You think you know this story? You don't. From the producers of Academy Award winning film, ONE DAY IN SEPTEMBER, and BAFTA Award winning Director Alex Holmes, this documentary is an intimate but explosive portrait of the man behind the greatest fraud in sporting history. Lance Armstrong enriched himself by cheating his fans, his sport and the truth. But the former friends whose lives and careers he destroyed, would prove to be his nemesis.
Oscar-winning director Alex Gibney's documentary about Lance Armstrong, who, after surviving cancer, won the Tour de France seven consecutive times between 1999 and 2005. There were allegations of doping, but the cyclist consistently, forcefully and litigiously countered the claims. So, when Armstrong returned to the fray in 2009, Gibney grabbed the offer of unprecedented access to the maligned Texan's attempt to win the Tour again. His documentary The Road Back was about to be released when the truth of Armstrong's systematic drug-taking broke. Gibney shelved the film for a couple of years, then he transformed it, via interviews with Armstrong's detractors and footage of the cyclist's admissions of guilt, from an upbeat observational piece into something altogether more critical. It's a fascinating study of a monumentally arrogant sportsman's determination to do whatever it took to win and his equal willingness to do or say whatever was necessary to cover up his less savoury actions.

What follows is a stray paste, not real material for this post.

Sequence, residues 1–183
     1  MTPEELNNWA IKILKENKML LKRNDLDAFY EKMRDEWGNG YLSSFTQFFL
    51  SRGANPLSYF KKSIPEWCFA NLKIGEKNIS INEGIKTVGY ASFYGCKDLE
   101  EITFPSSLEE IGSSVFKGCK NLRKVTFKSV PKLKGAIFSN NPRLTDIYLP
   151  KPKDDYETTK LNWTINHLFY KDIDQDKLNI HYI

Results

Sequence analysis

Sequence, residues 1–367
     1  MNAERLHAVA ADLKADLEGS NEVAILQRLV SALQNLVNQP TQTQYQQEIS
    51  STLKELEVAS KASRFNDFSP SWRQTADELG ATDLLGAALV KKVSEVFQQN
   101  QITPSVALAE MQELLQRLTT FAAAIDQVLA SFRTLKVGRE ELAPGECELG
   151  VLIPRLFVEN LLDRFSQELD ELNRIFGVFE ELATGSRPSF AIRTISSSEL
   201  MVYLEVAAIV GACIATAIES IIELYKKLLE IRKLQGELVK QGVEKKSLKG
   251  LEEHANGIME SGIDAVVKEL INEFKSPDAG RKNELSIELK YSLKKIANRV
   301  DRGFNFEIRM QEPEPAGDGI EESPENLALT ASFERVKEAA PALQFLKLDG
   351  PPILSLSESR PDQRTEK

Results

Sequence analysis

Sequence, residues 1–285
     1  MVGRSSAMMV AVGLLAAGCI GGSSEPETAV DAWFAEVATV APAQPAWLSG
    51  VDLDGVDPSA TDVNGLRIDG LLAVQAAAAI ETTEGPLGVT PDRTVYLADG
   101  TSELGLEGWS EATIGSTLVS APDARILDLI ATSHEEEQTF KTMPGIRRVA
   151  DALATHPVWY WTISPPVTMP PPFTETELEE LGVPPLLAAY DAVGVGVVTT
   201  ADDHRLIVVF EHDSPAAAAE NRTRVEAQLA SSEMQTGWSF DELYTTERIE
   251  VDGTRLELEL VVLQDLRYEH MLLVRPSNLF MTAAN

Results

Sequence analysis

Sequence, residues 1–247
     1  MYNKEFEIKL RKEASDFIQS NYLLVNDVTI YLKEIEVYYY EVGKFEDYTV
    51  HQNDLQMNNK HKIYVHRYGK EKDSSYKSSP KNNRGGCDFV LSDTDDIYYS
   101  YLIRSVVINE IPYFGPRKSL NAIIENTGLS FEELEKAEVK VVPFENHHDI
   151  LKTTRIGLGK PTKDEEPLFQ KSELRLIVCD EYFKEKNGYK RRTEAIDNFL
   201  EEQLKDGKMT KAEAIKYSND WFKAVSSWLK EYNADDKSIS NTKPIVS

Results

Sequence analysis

Jazz has always had a soft spot for pop music. Icons like trumpeter Louis Armstrong blessed the masses with his positivity and raspy voice in 1967's "What a Wonderful World" and saxophonist John Coltrane transformed Rodgers and Hammerstein's 1960 musical smash "My Favorite Things" into a swinging affair. Fast forward to 2014 as singer, songwriter and producer Jose James continues the practice with a fine rendition of 1972's "Simply Beautiful" by the one-time prince of R&B, vocalist Al Green.
Reissue with the latest DSD remastering. Comes with liner notes. Guitarist Yoshiaki Masuo was only 22 years old when he recorded Winds of Barcelona, his first leader album, in 1969. He had been discovered by the Japanese jazz giant Sadao Watanabe, and had been a member of Watanabe's group for over a year. Masuo, and the fresh, new kind of jazz – sometimes referred to as "pop jazz" – was immensely popular at the time.
Reissue with the latest 2014 DSD remastering. Comes with liner notes. Louis van Dyke, in fact his surname was van Dijk, but that didn't look English enough I guess. In 1961 he had won the Loosdrecht Jazz concours with his trio and made his first album, titled Trio / Quartet in June 1964. In the quartet recordings Carl Schulze, the vibraphone player, was added. He won with this LP an Edison Award, one of the most important awards in the Dutch amusement world.